Sunday, November 26, 2006

QuantLogic

Two worthwhile observations from the blog QuantLogic.

1) A quote from Charles Munger:
I have said that in my whole life, I've known no wise person over a broad subject matter area who didn't read all the time--none, zero. Now I know all kinds of shrewd people who by staying within a narrow area can do very well without reading. But investment is a broad area. So if you think you're going to be good at it and not read all the time, you have a different idea than I do.... You'd be amazed at how much Warren [Buffet] reads. You'd be amazed at how much I read.
I agree with QuantLogic: I can't think of a single person whose [broad] analytical expertise I admire, who doesn't read constantly. (Note, this doesn't include some special cases of narrow expertise, such as in math or science, which may border on idiot savant capability ;-)

Actually, all other forms of communication suffer from much lower baud rates. Think how little information you get per unit time from even the best broadcast news sources or interviews, relative to reading. Focused discussion with a real expert is the only activity which I find as efficient -- which is one of the reasons I'm still willing to travel to conferences, give seminars at other institutions, and schlep down to the valley :-)

2) The following cartoon, which shows unparalleled insight into organizational behavior :-)

6 comments:

Anonymous said...

Excellent.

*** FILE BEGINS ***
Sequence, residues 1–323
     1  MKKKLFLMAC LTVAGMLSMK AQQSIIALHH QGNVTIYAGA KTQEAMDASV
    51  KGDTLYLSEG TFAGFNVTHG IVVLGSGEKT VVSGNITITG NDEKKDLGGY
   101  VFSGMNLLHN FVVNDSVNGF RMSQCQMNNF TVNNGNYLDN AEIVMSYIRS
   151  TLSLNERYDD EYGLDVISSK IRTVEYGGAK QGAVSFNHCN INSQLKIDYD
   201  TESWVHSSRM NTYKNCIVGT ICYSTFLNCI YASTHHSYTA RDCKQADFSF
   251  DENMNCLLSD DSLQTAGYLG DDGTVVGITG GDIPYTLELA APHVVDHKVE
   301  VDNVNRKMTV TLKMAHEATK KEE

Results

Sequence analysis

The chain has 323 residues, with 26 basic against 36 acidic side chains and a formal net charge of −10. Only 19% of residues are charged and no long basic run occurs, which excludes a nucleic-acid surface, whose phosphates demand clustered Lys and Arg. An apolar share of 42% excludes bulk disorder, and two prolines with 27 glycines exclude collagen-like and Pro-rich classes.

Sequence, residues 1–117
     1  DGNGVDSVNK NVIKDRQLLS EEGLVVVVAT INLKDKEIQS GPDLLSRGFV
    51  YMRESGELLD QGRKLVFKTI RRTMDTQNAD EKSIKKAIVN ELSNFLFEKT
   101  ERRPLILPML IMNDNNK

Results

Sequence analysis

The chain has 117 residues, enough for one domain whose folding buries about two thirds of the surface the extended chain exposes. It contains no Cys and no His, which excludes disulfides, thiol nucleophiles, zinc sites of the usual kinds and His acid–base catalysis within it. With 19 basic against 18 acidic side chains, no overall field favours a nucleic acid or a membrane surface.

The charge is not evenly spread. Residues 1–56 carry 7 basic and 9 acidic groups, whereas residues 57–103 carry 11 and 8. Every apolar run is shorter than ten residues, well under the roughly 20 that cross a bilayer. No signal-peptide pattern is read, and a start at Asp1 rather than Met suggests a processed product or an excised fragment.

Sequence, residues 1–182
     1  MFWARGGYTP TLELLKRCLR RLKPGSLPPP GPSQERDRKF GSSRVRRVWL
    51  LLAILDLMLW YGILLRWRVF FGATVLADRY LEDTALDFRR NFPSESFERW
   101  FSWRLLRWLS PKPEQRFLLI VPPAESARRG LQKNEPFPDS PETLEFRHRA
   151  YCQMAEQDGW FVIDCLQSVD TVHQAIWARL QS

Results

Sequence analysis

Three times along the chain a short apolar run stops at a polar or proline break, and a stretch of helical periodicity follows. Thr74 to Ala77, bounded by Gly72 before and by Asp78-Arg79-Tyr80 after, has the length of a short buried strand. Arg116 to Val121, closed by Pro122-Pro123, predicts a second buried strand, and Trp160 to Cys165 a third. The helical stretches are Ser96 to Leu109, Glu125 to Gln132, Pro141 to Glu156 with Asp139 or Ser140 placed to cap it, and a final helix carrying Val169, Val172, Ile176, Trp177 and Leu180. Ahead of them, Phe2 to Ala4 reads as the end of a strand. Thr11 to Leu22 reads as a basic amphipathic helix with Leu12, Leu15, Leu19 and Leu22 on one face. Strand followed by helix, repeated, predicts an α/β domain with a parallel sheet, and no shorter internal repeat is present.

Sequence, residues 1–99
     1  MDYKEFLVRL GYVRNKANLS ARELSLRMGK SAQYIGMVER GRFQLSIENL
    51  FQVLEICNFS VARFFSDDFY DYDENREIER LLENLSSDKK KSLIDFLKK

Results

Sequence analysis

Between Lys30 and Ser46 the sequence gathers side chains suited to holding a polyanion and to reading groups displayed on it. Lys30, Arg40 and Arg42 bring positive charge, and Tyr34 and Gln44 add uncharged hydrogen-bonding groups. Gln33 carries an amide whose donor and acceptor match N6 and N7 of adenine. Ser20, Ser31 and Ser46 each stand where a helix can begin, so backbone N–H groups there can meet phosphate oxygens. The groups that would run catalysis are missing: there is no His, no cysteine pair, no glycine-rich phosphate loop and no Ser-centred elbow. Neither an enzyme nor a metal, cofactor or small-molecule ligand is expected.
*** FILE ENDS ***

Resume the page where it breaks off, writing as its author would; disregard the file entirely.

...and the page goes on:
Anonymous said...

Oh, that was me, hello Steve. I have trouble easily reading the darned codes for comments, however, but read all the time we must.

Anne

Dave Bacon said...

"Actually, all other forms of communication suffer from much lower baud rates. Think how little information you get per unit time from even the best broadcast news sources or interviews, relative to reading"

Tell me about it. This Thanksgiving I made the mistake of watching the CBS Evening News. "Sales may have been up as much as 17%" May have? That's news? (And of course, today Walmart paints a very different picture.)

steve said...

I should note that in "deep" areas like math or physics a lot of thinking and internal reflection are required. The density of information conveyed by technical books or research articles (as opposed to simple information in non-technical subjects) is so high that each hour of reading might be accompanied by many hours of subsequent processing before the content is understood.

So, once I understoood a bit about economics, history, etc. I found myself reading voraciously to add to my understanding. That isn't how it went with math and physics, though. Proportionally, I spent more time with a pencil and a piece of paper, scribbling.

This goes back to the observation that deep subjects compress huge amounts of information into a few equations or concepts (e.g., "entropy","general covariance"), and the unpacking of that information is the hard or time consuming part.

Marc Shivers said...

Hi Steve,

I just checked my blog's log and noticed the huge spike in traffic, which was unexpected since I haven't written anything is a couple months.

That Dilbert is one of my all-time favorite Dilbert's; I'm glad you (and apparently a lot of you readers) liked it. I quite enjoy your blog also.

steve said...

Marc,

Thanks for your comment. Now get back to blogging! Several months hiatus is too long :-)

Steve

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